Lumens Not Watts?

By will_owen

lumens not watts

Lumens Not Watts?

The main purpose of technology has been to make our way of life a little bit easier and retain information that we can constantly forget. With their ability to hold mountains of knowledge and make tasks like shopping, contacting a friend, or getting directions by as simplye as pressing a few buttons we are constantly thanking them.  Ultimately lessening our workload and less likely to get a migraine. 
 
But who said technology was perfect? You will  because you always hit a few bumps with progression. Your dad, for example, can could be asking you to help him with his new device even though you have never even handled or heard of it before. 
 
It could be that this miscommunication, between your dad and the device, happened because he didn’t grow up with the technology. But, in my opinion, I think that all of this new terminology that came with technology began to mess with any pre-conceptions he had. The same thing can be said about the lighting industry. Ever since the LED breakthrough new terms, like lumens, have been popping up. 
 
But What are lumens and why should they be taken into consideration when purchasing a light  bulb?

confused about watts and lumens

 

What are Lumens used for?

Lumens are used to measure the brightness of a bulb. Now you may be thinking, “no way, the units used to measure a bulb’s brightness are wattages,” and in the past you would have been partially right. When you had to go the store to replace a bulb you would check to make sure that the wattages were the samesame, so you could have achieve the same brightness. 
 
However, wattages have always referred to how much energy the bulb uses. And with the production of LEDs , that are were able to use significantly less energy, wattages just weren’t able tocouldn’t keep up. Lightbulb Wattage Conversion 
 
On top of that, and I’m regressing to my 8 year old self, lumens were here first. They have always been used to measure brightness, generally in physics. But like all bulbs the level of lumens can vary depending on the following:

What can affect lumens

frosted and clear bulb

 
(Example of a frosted (right) and non-frosted (left) bulb)

Where can I find the lumens?

In 2011 the Federal Trade Commission (FTC) began requiring that a lamps lumens be stated on the consumer packaging. So, if you are wanting to identify how many lumens a bulb has just look on the back of the box. Looking a lot like the nutrition facts on a cereal box, you will also find the bulbs:

a bulbs lighting facts

What are different types of lighting?
Quick recap, lumens are the measurement of how bright a bulb is. So the higher the number of lumens the brighter the lamp will be and vice-versa. Knowing the brightness of a bulb can help you create the type of ambience that is perfect for your setting. 8 Commercial Energy-Efficient Solutions for a Better Return on Your Investment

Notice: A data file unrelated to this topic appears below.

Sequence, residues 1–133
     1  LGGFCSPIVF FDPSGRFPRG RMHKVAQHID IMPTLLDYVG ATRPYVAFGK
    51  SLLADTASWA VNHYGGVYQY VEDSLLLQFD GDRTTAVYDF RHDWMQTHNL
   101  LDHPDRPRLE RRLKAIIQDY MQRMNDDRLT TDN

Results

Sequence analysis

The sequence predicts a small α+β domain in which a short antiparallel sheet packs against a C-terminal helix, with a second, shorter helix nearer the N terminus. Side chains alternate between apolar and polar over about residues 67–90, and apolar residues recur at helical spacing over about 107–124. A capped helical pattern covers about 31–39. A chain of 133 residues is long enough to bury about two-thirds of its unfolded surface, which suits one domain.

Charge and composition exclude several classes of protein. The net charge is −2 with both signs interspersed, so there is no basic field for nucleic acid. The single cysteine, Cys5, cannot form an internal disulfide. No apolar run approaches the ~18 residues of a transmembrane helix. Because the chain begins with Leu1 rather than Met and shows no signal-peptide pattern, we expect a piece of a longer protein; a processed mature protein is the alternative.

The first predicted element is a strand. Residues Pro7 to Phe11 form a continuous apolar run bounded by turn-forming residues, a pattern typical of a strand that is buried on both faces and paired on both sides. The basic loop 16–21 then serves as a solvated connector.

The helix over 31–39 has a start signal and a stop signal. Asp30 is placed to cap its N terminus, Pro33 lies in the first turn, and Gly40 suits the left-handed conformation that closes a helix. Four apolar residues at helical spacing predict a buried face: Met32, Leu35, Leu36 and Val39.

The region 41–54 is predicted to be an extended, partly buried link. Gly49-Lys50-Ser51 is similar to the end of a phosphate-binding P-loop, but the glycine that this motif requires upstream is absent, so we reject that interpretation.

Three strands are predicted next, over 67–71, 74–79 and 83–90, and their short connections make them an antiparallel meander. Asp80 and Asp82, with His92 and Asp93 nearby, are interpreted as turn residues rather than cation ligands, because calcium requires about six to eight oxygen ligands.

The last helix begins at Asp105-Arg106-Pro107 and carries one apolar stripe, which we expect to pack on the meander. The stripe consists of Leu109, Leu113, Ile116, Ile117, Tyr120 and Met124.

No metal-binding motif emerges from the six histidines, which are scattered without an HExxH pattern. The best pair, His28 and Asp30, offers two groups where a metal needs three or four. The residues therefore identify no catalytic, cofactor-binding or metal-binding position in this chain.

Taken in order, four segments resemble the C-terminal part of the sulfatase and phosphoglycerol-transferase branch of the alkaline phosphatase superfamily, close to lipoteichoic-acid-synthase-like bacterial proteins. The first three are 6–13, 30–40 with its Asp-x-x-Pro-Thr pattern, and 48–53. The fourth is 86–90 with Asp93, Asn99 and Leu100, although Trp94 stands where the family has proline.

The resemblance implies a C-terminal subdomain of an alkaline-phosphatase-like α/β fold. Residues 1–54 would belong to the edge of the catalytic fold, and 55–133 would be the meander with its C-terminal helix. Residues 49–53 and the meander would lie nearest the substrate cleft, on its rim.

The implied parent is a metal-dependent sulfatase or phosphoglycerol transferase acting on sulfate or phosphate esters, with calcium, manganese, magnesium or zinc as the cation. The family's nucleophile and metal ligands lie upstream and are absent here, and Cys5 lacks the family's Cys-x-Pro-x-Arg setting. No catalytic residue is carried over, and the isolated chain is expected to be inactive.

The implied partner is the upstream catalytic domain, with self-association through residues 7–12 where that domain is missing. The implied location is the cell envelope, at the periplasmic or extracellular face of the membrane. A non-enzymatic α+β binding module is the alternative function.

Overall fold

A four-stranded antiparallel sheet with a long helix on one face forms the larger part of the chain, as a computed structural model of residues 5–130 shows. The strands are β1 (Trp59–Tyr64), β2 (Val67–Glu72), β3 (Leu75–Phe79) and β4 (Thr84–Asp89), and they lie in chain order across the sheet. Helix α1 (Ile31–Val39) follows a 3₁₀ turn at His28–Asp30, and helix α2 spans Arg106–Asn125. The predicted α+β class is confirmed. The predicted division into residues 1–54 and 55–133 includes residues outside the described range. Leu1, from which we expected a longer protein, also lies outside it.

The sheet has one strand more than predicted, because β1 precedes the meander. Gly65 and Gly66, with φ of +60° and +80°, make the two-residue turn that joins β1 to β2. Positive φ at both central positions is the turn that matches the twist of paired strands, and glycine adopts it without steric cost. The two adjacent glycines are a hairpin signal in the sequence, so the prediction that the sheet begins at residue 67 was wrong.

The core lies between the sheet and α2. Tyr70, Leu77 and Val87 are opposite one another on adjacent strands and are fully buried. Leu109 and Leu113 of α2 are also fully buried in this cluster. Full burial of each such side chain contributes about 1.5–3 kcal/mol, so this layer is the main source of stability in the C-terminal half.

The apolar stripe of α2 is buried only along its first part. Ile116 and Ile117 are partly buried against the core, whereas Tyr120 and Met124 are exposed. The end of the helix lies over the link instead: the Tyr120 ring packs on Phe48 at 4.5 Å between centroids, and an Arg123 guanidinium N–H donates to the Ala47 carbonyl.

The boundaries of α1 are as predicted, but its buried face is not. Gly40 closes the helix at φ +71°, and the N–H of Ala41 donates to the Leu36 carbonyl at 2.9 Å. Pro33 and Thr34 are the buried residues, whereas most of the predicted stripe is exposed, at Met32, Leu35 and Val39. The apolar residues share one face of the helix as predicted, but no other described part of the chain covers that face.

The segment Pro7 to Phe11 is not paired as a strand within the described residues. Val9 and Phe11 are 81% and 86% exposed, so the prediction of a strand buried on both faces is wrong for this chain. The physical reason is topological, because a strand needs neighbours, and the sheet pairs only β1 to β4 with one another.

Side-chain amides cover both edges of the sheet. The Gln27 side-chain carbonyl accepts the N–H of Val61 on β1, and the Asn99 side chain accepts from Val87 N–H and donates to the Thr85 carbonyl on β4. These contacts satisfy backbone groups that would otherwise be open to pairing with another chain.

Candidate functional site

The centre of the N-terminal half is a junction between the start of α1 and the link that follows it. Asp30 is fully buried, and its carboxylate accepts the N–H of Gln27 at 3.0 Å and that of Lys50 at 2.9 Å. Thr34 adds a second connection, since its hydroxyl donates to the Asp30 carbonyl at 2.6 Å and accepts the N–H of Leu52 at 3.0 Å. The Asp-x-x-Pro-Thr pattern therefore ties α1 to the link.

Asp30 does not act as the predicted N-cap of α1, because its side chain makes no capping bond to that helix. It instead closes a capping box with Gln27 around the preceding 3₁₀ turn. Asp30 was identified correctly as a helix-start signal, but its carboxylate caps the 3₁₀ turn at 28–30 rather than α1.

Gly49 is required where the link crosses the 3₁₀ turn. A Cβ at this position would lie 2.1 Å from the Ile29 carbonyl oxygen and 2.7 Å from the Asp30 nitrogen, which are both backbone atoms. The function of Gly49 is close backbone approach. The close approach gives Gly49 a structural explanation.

Three types of lighting:
General Comfort Lighting – commonly found in grocery and retail stores, this type of lighting brightens up the area to make customers feel safe.
Task-Oriented Lighting – can be used in warehouses to help illuminate merchandise, work areas, store entrances, etc.
Accent Lighting – great for display cases, above windows, and can help light specific areas of a store.
  

task oriented lighting

comfort lighting

What is the right amount of lumens?
Before you install any type of lighting you want to make sure that you know what type of beam angle you want and how many lumens are needed. This is going to vary, depending on how much square footage you are lighting and how tall the ceiling is. 
 
You wouldn’t use the same lighting for a 15- foot high ceiling with a 35- foot high ceilingceiling, right? And just because one light bulb uses less wattage doesn’t mean that it’s brightness will be less. A 100 watt incandescent and a 20 watt LED, for example, are going to have the same amount of lumens.  Commercial Lighting Application  
 
Here are some good reference points:
30-45 foot ceilings need 240 watts  or 32,194 lumens
20-35 foot ceilings need 150 watts or 20,441 lumens
15-25 foot ceilings need 100 watts or 13,627 lumens
(Note: 240 watts is the total wattage of all light bulbs used in a particular space)
The measurements listed above are perfect for big commercial buildings including:

commercial applications

What to take away from this blog?
Lumens and watts are not the same thing. Lumens measure brightness, while watts measure how much energy the light fixture consumes. So, remember that instead of looking for wattages when you go to the electric supply store you want to be looking for lumens. when it comes to brightness. 
It is also important to remember , also, that before any light installation,n that you should take into consideration the beam angle and the amount of lumens for the project. But, again, this can vary depending on how high the ceiling of the designated building is. 

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